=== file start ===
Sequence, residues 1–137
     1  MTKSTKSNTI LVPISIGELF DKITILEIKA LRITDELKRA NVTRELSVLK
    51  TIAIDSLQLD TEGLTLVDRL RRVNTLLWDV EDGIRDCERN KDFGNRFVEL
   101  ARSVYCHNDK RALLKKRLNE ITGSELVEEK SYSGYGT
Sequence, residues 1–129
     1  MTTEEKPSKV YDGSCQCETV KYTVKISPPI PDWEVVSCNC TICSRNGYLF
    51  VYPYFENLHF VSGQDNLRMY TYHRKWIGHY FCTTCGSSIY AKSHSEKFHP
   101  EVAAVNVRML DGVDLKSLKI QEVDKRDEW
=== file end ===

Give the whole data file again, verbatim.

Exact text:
Sequence, residues 1–137
     1  MTKSTKSNTI LVPISIGELF DKITILEIKA LRITDELKRA NVTRELSVLK
    51  TIAIDSLQLD TEGLTLVDRL RRVNTLLWDV EDGIRDCERN KDFGNRFVEL
   101  ARSVYCHNDK RALLKKRLNE ITGSELVEEK SYSGYGT
Sequence, residues 1–129
     1  MTTEEKPSKV YDGSCQCETV KYTVKISPPI PDWEVVSCNC TICSRNGYLF
    51  VYPYFENLHF VSGQDNLRMY TYHRKWIGHY FCTTCGSSIY AKSHSEKFHP
   101  EVAAVNVRML DGVDLKSLKI QEVDKRDEW